Thank goodness for today being my day off! I feel like I’ve used my day to the max, and no matter if you like your job or not chill time is always necessary. (Read chill time as “taking a lot of naps”)
Catching up with several friends and my Auntie over the phone is always on my to do’s on a Saturday, and the relationships with those special people are hugely important to the way I feel. I’m lucky to have complete certainty in that there are people who are there for me if and when I need them. Equally, low moods can make me feel alone, but feelings aren’t always right, are they?
My Facebook memories have been filled with photos and statuses from my graduation last year (plus those of the year below me filling my news feed!) and it’s got me thinking about what graduate life has taught me.
Of course I left my training with knowledge and skills that have helped me, but nothing can replace actual experience- both good and bad. One of the biggest things has been becoming the boss of my own progress; setting goals, finding time and places to practice, taking on board criticism. I’ve also learned to never settle for where I am. Creative work is always changing and not always predictable, so this year has taught me to always be looking for potential opportunities, while also maximising the experience I’m currently having.
Performing the same shows every week has made me find ways to push myself and try to develop and see a difference between the beginning and end of the contract. Basically, being complacent is not an option.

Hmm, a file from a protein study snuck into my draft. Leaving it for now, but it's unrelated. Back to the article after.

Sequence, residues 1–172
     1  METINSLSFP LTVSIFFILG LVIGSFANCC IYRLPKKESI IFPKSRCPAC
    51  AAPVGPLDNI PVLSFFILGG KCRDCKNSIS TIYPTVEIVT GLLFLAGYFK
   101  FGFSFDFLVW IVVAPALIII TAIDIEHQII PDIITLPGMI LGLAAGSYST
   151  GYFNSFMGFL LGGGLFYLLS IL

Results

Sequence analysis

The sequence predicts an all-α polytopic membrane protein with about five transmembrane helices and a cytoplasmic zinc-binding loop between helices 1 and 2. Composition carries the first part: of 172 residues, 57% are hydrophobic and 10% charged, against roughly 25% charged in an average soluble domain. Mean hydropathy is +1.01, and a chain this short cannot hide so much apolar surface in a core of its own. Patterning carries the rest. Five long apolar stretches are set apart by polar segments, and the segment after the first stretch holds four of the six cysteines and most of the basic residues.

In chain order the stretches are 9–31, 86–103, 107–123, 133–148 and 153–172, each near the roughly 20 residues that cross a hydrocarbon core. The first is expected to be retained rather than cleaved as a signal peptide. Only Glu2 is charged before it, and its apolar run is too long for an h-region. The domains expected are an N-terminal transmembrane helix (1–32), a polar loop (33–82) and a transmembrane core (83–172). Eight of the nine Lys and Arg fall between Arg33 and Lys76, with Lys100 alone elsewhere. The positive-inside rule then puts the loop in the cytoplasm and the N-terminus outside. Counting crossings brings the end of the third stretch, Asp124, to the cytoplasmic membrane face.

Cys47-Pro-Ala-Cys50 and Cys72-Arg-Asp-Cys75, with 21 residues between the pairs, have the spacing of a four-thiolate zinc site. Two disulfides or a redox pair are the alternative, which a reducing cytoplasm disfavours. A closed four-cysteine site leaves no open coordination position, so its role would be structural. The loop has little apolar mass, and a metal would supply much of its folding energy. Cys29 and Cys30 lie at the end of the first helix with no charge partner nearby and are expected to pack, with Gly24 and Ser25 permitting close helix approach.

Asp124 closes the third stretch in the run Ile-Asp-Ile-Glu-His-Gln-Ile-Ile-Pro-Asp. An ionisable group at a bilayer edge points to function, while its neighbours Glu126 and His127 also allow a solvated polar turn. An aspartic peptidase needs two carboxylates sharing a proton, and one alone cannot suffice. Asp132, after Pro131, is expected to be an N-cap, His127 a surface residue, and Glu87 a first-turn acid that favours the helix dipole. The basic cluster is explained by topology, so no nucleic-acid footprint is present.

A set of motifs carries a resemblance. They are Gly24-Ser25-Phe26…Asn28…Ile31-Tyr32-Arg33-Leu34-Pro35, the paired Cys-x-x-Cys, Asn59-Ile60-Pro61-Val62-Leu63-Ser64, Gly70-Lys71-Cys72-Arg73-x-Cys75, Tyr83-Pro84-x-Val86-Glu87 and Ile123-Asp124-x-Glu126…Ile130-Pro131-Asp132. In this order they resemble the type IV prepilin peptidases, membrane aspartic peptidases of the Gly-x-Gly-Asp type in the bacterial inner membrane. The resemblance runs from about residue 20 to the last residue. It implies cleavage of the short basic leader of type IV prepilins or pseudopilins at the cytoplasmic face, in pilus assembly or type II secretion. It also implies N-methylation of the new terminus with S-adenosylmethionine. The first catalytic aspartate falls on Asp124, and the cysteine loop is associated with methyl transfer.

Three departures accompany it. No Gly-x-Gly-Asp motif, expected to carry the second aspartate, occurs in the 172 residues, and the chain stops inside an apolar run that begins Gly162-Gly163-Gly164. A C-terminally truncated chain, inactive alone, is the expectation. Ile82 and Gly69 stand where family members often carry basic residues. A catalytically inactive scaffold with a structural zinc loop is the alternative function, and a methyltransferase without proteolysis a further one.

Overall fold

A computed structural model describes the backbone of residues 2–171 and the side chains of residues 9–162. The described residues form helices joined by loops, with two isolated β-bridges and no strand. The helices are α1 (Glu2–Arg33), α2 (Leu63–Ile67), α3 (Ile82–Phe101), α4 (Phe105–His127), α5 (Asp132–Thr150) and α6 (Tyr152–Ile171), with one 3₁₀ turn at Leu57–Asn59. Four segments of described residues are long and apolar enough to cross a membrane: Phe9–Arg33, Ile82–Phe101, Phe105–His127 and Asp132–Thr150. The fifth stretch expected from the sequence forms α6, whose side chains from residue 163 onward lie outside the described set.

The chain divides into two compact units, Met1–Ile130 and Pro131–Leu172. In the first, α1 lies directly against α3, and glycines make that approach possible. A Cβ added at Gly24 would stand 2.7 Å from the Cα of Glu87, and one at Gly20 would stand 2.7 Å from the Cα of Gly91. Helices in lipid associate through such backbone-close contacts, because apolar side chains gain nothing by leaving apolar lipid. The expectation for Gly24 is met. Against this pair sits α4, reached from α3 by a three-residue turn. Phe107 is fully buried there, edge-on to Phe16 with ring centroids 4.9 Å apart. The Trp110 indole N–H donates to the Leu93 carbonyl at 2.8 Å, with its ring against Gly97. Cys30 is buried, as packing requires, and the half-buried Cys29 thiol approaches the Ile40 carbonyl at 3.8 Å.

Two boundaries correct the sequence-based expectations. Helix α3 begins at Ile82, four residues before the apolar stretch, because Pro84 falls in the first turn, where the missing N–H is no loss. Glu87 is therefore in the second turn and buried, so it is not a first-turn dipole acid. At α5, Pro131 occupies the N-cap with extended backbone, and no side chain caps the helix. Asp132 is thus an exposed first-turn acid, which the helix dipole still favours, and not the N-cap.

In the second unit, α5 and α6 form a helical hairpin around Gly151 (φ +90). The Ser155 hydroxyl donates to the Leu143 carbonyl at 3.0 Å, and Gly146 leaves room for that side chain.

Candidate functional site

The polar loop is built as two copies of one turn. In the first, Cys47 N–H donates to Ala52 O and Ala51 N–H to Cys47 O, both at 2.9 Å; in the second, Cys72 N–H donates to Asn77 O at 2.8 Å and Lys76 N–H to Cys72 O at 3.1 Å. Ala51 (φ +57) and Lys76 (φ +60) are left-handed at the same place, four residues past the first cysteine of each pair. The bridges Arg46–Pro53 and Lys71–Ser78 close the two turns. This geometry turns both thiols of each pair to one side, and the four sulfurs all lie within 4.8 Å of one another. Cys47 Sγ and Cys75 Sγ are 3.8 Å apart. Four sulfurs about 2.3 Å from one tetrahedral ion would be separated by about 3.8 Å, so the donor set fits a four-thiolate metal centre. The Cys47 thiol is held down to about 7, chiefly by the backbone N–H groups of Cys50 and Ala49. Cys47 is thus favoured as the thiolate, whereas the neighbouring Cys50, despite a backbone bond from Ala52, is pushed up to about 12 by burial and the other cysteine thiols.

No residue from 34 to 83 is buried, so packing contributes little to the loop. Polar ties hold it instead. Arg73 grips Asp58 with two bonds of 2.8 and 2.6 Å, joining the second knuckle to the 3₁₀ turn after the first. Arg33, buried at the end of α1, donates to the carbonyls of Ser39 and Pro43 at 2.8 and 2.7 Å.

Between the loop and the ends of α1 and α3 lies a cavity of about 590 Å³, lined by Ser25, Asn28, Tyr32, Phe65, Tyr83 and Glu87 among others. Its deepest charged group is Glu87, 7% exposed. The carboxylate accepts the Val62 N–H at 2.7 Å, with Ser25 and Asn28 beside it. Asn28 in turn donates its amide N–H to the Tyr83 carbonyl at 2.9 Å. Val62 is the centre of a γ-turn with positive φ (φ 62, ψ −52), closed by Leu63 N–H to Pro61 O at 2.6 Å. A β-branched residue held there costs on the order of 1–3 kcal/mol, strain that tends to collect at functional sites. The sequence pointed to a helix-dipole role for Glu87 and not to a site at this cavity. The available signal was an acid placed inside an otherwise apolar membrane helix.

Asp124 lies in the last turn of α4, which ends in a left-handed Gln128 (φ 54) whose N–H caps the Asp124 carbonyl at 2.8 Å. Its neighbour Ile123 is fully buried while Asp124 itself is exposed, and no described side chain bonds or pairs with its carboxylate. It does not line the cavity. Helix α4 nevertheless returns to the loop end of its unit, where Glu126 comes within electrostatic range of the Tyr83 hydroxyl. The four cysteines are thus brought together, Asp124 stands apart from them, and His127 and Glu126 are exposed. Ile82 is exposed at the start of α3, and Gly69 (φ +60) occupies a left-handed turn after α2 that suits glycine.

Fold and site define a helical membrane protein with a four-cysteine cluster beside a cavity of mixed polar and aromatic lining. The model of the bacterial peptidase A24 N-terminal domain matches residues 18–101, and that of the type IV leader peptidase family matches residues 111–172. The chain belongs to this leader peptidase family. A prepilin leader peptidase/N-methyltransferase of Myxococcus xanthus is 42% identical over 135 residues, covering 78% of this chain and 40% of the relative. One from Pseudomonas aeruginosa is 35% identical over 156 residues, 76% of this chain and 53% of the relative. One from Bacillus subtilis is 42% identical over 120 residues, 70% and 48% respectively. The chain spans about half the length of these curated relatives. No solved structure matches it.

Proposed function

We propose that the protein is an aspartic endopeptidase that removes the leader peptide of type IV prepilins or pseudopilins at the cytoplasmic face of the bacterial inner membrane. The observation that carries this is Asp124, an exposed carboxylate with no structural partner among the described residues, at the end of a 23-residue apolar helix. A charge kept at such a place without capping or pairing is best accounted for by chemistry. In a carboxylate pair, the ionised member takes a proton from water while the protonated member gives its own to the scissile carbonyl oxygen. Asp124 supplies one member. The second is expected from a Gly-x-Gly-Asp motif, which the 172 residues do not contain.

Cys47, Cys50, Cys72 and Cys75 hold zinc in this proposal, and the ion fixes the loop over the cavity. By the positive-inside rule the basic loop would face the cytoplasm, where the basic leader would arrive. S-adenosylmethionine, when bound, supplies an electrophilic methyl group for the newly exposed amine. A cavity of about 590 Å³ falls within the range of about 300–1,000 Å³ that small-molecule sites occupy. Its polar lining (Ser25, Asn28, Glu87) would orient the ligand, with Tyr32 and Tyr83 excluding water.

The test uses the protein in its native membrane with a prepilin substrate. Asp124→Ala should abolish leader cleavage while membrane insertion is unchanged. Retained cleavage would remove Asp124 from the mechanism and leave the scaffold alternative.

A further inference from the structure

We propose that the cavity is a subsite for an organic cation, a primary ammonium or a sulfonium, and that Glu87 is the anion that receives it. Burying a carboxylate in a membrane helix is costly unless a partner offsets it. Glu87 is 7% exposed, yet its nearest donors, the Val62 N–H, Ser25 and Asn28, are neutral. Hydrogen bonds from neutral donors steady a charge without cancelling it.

One of the hardest lessons of graduate life? It’s not a race. There isn’t one destination for everybody, and people getting a better job quicker than me doesn’t make me a failure. For me that’s challenging. I’m black and white about everything…. shock horror 🙈
There are parts of training I’d love to do again, but other parts that I’m glad to have left behind (aka fitness at 8am and my least favourite classes/teachers 😂).
Ps. Mental health problems will come with you, even if you move countries, so note to self: money for therapy is worth it and get your shit together.
I’m also stuck in black and white thinking. Interestingly, with therapy I had managed to start thinking in the grey, so to speak. When my therapist recently said how I think in black and white it was a shock. I realized the truth of it but have no idea when that happened. Perhaps that is our default. It takes effort to get the mind sorted. You’re right, without therapy, I don’t know how I could have survived.
I think it feels so normal, that we don’t always see it as an issue!